• I pour out from what is being poured into me. As much as I love the Godly voices in my kid’s lives, it should be in addition to what I am doing, not supplementing what I’m not doing.

As always, I look to the words of Paul who said,

I don’t mean to say that I have already achieved these things or that I have already reached perfection. But I press on to possess that perfection for which Christ Jesus first possessed me. Philippians 3:12

I’m still working on these as well as learning new lessons for later lists. I’m still striving to be the example they need. I know my parenting will never stop, but I want to make the most of every opportunity I have with them.

I love you Ethan. My heart is for you to be a much greater man of God than I could have ever dreamed for you to be. Thanks for being you. Thanks for your patience with me. Thanks for being such a great son.

 

 

Love all of you parents out there. I’m cheering for you!!!

 

Thanks for letting me ramble…

Happy Anniversary Mom and Dad: 42 lessons they taught me about parenting.

I often get asked about when my passion for marriage began. It began with my parents, Hal and Linda Barringer.  Watching their marriage not only made me want what they had, but shaped the marriage I have.  Don’t get me wrong, as they’ll tell you, they are by no means the model of perfection (ever seen my dad BBQ in shorts,  black socks, and dress shoes after church?), but their ability to stay humble and keep Christ at their center for 42 years is astounding.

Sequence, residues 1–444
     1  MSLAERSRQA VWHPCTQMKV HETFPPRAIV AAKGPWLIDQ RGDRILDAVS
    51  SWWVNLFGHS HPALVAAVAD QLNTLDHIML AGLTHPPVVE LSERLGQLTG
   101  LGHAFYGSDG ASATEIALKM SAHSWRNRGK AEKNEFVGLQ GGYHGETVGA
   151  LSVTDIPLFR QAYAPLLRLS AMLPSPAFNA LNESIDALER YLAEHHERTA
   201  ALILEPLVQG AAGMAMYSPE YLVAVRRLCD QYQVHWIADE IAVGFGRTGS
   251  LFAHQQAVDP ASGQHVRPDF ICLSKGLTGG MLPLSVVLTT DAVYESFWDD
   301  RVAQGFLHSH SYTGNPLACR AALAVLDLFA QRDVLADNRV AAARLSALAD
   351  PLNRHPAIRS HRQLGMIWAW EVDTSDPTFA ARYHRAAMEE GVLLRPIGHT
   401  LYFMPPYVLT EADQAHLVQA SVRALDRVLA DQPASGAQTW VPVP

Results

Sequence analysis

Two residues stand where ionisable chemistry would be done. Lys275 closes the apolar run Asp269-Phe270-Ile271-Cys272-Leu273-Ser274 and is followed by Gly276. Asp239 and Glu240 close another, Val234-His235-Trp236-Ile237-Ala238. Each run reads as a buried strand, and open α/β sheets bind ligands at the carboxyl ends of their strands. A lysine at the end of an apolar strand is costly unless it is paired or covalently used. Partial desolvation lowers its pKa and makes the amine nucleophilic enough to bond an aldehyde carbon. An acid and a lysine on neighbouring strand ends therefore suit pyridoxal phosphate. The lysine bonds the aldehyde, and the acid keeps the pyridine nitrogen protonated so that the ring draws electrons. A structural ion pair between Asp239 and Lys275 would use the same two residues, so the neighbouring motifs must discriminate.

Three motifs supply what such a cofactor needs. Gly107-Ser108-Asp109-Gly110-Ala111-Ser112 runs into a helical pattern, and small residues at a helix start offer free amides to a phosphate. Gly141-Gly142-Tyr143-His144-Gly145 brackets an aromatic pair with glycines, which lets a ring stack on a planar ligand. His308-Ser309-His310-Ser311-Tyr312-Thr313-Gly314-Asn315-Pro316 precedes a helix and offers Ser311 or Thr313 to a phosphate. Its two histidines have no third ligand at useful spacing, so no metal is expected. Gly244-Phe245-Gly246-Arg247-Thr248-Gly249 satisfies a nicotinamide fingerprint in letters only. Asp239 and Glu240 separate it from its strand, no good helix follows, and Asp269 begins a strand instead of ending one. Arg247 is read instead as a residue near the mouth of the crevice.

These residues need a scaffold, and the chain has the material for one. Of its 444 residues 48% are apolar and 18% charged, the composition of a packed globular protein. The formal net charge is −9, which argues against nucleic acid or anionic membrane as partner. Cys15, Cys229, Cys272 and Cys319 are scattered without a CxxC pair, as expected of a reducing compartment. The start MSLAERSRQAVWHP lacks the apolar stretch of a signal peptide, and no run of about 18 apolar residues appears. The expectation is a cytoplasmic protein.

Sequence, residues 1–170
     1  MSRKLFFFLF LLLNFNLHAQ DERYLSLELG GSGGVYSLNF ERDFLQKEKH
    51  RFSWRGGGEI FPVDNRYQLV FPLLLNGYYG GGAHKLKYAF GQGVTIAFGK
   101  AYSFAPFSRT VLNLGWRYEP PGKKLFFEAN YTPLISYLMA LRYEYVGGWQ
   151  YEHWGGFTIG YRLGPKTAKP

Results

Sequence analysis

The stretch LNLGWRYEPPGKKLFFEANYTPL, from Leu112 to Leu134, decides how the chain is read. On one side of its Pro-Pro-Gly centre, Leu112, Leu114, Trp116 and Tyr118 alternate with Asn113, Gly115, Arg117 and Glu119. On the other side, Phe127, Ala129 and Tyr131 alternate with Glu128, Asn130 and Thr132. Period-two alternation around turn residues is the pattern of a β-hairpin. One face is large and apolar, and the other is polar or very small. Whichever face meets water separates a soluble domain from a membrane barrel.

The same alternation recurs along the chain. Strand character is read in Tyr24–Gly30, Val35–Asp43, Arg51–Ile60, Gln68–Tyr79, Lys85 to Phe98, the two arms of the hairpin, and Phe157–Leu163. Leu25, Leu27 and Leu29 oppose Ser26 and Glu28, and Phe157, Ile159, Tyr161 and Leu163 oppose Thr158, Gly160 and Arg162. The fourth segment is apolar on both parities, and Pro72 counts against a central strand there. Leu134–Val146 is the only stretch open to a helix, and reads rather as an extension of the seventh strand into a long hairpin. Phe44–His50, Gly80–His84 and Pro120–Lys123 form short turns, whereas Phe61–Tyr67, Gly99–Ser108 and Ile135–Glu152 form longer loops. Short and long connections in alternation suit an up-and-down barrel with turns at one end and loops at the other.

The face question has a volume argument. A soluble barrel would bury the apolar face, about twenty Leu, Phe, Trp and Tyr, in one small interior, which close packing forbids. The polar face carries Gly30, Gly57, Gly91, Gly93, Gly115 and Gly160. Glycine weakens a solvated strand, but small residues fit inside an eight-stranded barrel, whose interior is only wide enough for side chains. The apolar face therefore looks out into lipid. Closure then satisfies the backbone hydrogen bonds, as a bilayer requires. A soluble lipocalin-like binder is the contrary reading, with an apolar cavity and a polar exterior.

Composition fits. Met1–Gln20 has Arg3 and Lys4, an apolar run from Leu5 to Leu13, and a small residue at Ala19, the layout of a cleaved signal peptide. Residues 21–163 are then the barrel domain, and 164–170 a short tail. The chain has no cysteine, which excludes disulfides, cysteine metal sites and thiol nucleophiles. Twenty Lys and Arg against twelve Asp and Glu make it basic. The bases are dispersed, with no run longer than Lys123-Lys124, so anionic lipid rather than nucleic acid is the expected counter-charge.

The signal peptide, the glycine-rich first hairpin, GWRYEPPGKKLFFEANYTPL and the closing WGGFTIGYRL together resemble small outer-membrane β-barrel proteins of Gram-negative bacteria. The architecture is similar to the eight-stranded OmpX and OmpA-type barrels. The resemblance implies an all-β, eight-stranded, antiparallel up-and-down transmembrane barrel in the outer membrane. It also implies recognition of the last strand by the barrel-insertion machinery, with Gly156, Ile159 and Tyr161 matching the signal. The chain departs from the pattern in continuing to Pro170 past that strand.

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Of the plethora of lessons I’ve learned from them, parenting has been a major theme they’ve mentored me in.  Here’s one lesson they’ve taught me for every year they’ve been married. 

  1. Jesus is our true north.  Our family centers upon him. 
  2. Sometimes your just your presence will speak louder than anything. (They never missed a football game)
  3. Effort is always rewarded above accomplishment. 
  4. Love was never earned.
  5. Michigan NOT Michigan State.
  6. You can’t love your children the same.  You may love them the same amount but you show it different because they are different!
  7. Somehow, when the grandkids showed up, I’ve taken a backseat to them.
  8. Every moment can be a teachable moment.